The world’s largest transportation and logistics company is getting larger as demand for e-commerce, time definite international express delivery and supply chain services drives up revenue and profit at Deutsche Post DHL.
The German logistics giant increased revenue 3 percent last year from 2012 to €55.1 billion, or about US$77 billion in 2013, after excluding a negative impact from currency exchange rates. Operating profit rose 7.4 percent to €2.86 billion, nearly $4 billion. Consolidated net profit at Deutsche Post DHL soared 27.5 percent last year to €2.1 billion, which translates to about $2.9 billion.
The growth in parcel, time-definite international express and supply chain business helped DHL grow despite soft freight markets. The company saw its freight forwarding business, which handles air, ocean, truck and rail freight, decline 2 percent from 2012 last year, after adjusting for exchange rates, to €14.8 billion, or about $20.6 billion. DHL cited weakened air freight demand from several large customers and lower ocean freight demand in its Americas and Europe regions.
Slight economic improvement led to an increase in overland transportation revenue in Germany, Eastern Europe, the Benelux countries and France, DHL said.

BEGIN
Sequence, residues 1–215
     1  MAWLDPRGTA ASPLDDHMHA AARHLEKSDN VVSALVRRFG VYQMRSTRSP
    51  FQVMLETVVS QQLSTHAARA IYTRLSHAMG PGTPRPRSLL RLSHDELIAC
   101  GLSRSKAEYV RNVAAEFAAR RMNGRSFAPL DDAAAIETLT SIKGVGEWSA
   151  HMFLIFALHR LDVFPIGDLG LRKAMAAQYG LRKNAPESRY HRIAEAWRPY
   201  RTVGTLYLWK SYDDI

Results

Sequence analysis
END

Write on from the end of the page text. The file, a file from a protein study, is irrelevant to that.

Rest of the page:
In contrast, express package revenue rose about 4 percent organically, after excluding revenue from domestic operations sold in 2012 from year-over-year comparisons, to €12.7 billion, or about $17.7 billion. The express unit benefited from greater focus on time-definite international or TDI business. TDI revenue rose 7 percent in 2013 and 8.2 percent in the fourth quarter, and shipment volume was up 8.4 percent for both the end-of-the-year quarter and the full year.
“They are the largest in international express package business by a long shot,” with about US$16.8 billion in annual revenue from that segment, said Satish Jindel, president of SJ Consulting. In comparison, UPS, Jindel said, has $11.8 billion in international express package revenue, and FedEx $9.5 billion.
Ending domestic operations in the U.S. and other markets forced DHL to focus on international, he said, “because that’s where it has to happen for them.”
E-commerce helped fueled 3.4 percent growth in DHL’s mail division, with parcels accounting for 26 percent of volume, compared with 20 percent in 2012. Much of that growth came from German online shoppers, who took advantage of DHL expanded evening service and a bigger network of parcel drop-off boxes.
“DHL, like others, has been hit by the e-commerce bug,” Jindel said. “People are trying all kinds of different models to see which one is going to stick. There will be a cleansing process over the next couple of years before the answer will emerge.”
Expansion in Asia and in the automotive, life science, consumer and technology sectors helped boost DHL supply chain revenue nearly 6 percent in 2013 to €14.3 billion, about $19.9 billion, after accounting the sale of three subsidiaries and exchange rates. The division won about $2.1 billion in new contracts.